The characters in Blok's play Balaganchik ("The Puppet Show," 1906) include the mystics of both sexes. In Blok's "Unknown Woman" p'yanitsy s glazami krolikov (the drunks with the eyes of rabbits) cry out: "In vino veritas!" Giving bath to Lucette, Ada mentions Dr Krolik:

 

The liquid prison was now ready and an alarm clock given a full quarter of an hour to live.

‘Let her soak first, you’ll soap her afterwards,’ said Van feverishly.

‘Yes, yes, yes,’ cried Ada.

‘I’m Van,’ said Lucette, standing in the tub with the mulberry soap between her legs and protruding her shiny tummy.

‘You’ll turn into a boy if you do that,’ said Ada sternly, ‘and that won’t be very amusing.’

Warily, the little girl started to sink her buttocks in the water.

‘Too hot,’ she said, ‘much too horribly hot!’

‘It’ll cool,’ said Ada, ‘plop down and relax. Here’s your doll.’

‘Come on, Ada, for goodness’ sake, let her soak,’ repeated Van.

‘And remember,’ said Ada, ‘don’t you dare get out of this nice warm water until the bell rings or you’ll die, because that’s what Krolik said. I’ll be back to lather you, but don’t call me; we have to count the linen and sort out Van’s hankies.’ (1.23)

 

As he speaks to Lucette after the dinner in 'Ursus,' Van uses the so-called slovoers (the particle -s at the end of a word):

 

‘My dear,’ said Van, ‘do help me. She told me about her Valentian estanciero but now the name escapes me and I hate bothering her.’

‘Only she never told you,’ said loyal Lucette, ‘so nothing could escape. Nope. I can’t do that to your sweetheart and mine, because we know you could hit that keyhole with a pistol.’

‘Please, little vixen! I’ll reward you with a very special kiss.’

‘Oh, Van,’ she said over a deep sigh. ‘You promise you won’t tell her I told you?’

‘I promise. No, no, no,’ he went on, assuming a Russian accent, as she, with the abandon of mindless love, was about to press her abdomen to his. ‘Nikak-s net: no lips, no philtrum, no nosetip, no swimming eye. Little vixen’s axilla, just that — unless’ — (drawing back in mock uncertainty) — ‘you shave there?’

‘I stink worse when I do,’ confided simple Lucette and obediently bared one shoulder.

‘Arm up! Point at Paradise! Terra! Venus!’ commanded Van, and for a few synchronized heartbeats, fitted his working mouth to the hot, humid, perilous hollow.

She sat down with a bump on a chair, pressing one hand to her brow.

‘Turn off the footlights,’ said Van. ‘I want the name of that fellow.’

‘Vinelander,’ she answered. (2.8)

 

Darkbloom ('Notes to Ada'): Nikak-s net: Russ., certainly not.

 

In Pushkin's Eugene Onegin (Two: V: 13-14) Onegin's country neighbors are outraged by the fact that Onegin would never say da-s (yes, sir) or net-s (no, sir):

 

Сначала все к нему езжали;
Но так как с заднего крыльца
Обыкновенно подавали
Ему донского жеребца,
Лишь только вдоль большой дороги
Заслышат их домашни дроги, —
Поступком оскорбясь таким,
Все дружбу прекратили с ним.
«Сосед наш неуч; сумасбродит;
Он фармазон; он пьёт одно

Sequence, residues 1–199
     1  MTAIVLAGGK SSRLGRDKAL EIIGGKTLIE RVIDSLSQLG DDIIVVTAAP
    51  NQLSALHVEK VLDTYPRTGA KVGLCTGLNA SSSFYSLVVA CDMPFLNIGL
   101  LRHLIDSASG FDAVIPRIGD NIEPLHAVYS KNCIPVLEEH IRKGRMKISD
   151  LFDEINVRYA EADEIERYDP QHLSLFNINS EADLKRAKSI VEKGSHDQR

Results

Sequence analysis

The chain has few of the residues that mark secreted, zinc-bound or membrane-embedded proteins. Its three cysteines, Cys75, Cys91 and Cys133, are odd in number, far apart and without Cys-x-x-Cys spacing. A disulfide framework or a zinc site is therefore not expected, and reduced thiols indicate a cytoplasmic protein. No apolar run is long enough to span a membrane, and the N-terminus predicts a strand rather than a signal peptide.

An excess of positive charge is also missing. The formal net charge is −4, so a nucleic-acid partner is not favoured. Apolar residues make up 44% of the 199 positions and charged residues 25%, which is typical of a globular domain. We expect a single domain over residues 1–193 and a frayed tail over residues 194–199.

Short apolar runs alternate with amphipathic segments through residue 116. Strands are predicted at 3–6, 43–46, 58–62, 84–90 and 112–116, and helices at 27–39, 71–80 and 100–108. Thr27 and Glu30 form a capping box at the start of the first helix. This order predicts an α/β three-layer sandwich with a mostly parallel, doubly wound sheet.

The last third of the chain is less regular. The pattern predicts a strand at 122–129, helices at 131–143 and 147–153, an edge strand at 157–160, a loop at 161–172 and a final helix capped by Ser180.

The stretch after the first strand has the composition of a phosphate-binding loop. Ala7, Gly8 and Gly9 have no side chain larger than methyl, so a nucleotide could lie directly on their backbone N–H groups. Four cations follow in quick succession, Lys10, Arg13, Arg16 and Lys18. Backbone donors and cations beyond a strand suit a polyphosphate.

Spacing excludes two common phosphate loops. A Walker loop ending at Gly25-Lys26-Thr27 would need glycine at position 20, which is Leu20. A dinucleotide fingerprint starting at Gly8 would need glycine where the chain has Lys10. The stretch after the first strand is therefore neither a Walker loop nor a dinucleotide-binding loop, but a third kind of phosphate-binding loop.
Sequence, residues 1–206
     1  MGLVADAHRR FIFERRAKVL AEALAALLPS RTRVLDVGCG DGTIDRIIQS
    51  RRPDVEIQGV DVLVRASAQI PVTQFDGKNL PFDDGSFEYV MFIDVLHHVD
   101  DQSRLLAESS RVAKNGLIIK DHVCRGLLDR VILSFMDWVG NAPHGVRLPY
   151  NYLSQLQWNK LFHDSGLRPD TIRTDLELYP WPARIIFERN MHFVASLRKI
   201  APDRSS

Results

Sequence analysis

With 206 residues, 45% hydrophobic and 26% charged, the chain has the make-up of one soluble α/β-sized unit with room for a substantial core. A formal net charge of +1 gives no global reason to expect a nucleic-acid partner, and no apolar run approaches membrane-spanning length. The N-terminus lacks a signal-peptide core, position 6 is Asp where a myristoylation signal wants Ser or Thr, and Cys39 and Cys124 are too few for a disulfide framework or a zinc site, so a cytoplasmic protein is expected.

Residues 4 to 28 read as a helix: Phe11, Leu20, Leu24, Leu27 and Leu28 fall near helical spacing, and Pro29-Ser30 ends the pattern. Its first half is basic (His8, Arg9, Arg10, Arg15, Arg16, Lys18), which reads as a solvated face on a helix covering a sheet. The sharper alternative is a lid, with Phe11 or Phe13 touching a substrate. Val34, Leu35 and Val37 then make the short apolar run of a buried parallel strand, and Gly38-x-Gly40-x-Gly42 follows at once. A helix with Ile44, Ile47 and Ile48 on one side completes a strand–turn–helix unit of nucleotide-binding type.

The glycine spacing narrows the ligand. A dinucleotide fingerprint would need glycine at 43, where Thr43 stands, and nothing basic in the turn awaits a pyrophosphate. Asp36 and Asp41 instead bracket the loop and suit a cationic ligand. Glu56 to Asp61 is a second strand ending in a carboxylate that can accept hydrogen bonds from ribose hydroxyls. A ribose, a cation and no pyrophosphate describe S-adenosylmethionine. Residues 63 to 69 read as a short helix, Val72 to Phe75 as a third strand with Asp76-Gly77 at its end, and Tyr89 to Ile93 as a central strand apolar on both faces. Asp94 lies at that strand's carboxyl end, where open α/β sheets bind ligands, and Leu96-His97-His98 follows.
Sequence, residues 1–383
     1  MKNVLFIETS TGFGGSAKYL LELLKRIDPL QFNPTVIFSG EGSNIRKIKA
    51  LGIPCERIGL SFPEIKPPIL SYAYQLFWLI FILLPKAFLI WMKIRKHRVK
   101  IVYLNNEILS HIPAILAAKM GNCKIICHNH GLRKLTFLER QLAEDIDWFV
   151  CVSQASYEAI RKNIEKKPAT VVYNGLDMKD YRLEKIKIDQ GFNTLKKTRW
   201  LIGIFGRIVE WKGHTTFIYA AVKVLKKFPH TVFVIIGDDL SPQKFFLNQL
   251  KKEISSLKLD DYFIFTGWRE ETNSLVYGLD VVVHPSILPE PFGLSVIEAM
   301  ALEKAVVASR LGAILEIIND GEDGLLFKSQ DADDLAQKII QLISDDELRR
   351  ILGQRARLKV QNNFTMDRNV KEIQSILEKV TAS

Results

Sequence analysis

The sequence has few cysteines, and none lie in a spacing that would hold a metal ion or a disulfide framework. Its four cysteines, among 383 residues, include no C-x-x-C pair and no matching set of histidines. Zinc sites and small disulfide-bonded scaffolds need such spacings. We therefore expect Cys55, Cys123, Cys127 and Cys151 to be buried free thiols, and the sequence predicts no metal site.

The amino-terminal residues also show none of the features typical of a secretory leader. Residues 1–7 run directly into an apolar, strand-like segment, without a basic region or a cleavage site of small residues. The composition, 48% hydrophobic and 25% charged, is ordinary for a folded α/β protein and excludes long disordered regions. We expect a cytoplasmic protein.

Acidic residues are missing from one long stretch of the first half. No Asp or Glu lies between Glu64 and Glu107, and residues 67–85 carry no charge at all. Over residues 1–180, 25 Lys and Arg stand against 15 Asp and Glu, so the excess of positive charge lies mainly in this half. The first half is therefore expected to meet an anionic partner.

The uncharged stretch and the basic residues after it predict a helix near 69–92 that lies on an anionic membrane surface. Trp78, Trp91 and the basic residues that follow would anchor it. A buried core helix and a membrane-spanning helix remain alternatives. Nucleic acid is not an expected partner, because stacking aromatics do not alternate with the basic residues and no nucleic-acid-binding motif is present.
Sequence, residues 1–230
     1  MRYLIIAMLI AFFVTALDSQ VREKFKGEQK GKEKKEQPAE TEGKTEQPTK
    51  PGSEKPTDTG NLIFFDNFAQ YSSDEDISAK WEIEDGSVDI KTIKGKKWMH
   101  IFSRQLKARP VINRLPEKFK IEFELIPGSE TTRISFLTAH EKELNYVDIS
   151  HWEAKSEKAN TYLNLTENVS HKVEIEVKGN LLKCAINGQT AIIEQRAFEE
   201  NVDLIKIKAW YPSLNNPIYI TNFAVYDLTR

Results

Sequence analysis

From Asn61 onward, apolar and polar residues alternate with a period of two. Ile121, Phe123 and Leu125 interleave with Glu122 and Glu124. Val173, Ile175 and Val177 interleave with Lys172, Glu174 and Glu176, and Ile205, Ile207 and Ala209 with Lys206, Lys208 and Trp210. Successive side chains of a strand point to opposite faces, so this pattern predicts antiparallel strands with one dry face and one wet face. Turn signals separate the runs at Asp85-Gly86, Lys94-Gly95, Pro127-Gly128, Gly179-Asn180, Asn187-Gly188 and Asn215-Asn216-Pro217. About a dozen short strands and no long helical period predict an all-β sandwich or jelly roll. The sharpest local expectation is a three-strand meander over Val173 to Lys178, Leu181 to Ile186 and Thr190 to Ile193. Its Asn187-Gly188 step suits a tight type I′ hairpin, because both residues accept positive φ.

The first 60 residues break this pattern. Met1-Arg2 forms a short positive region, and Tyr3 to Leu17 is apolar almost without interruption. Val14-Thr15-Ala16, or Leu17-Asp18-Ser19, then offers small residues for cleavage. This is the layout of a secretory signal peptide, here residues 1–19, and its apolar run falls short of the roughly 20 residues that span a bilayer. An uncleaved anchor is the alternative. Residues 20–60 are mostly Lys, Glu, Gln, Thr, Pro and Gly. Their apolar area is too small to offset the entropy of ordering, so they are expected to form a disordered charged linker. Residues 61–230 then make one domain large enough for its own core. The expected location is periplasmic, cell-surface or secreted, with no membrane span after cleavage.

Стаканом красное вино;
Он дамам к ручке не подходит;
Всё да да нет; не скажет да-с
Иль нет-с». Таков был общий глас.

 

At first they all would call on him,

but since to the back porch

habitually a Don stallion

for him was brought

as soon as one made out along the highway

the sound of their domestic runabouts —

outraged by such behavior,

they all ceased to be friends with him.

“Our neighbor is a boor; acts like a crackbrain;

he's a Freemason; he

drinks only red wine, by the tumbler;

he won't go up to kiss a lady's hand;

'tis all ‘yes,’ ‘no’ — he'll not say ‘yes, sir,’

or ‘no, sir.’ ” This was the general voice.

 

Onegin's donskoy zherebets (Don stallion) brings to mind Baron d'Onsky, Marina's lover with whom Demon fought a sword duel in Nice:

 

Upon being questioned in Demon’s dungeon, Marina, laughing trillingly, wove a picturesque tissue of lies; then broke down, and confessed. She swore that all was over; that the Baron, a physical wreck and a spiritual Samurai, had gone to Japan forever. From a more reliable source Demon learned that the Samurai’s real destination was smart little Vatican, a Roman spa, whence he was to return to Aardvark, Massa, in a week or so. Since prudent Veen preferred killing his man in Europe (decrepit but indestructible Gamaliel was said to be doing his best to forbid duels in the Western Hemisphere — a canard or an idealistic President’s instant-coffee caprice, for nothing was to come of it after all), Demon rented the fastest petroloplane available, overtook the Baron (looking very fit) in Nice, saw him enter Gunter’s Bookshop, went in after him, and in the presence of the imperturbable and rather bored English shopkeeper, back-slapped the astonished Baron across the face with a lavender glove. The challenge was accepted; two native seconds were chosen; the Baron plumped for swords; and after a certain amount of good blood (Polish and Irish — a kind of American ‘Gory Mary’ in barroom parlance) had bespattered two hairy torsoes, the whitewashed terrace, the flight of steps leading backward to the walled garden in an amusing Douglas d’Artagnan arrangement, the apron of a quite accidental milkmaid, and the shirtsleeves of both seconds, charming Monsieur de Pastrouil and Colonel St Alin, a scoundrel, the latter gentlemen separated the panting combatants, and Skonky died, not ‘of his wounds’ (as it was viciously rumored) but of a gangrenous afterthought on the part of the least of them, possibly self-inflicted, a sting in the groin, which caused circulatory trouble, notwithstanding quite a few surgical interventions during two or three years of protracted stays at the Aardvark Hospital in Boston — a city where, incidentally, he married in 1869 our friend the Bohemian lady, now keeper of Glass Biota at the local museum. (1.2)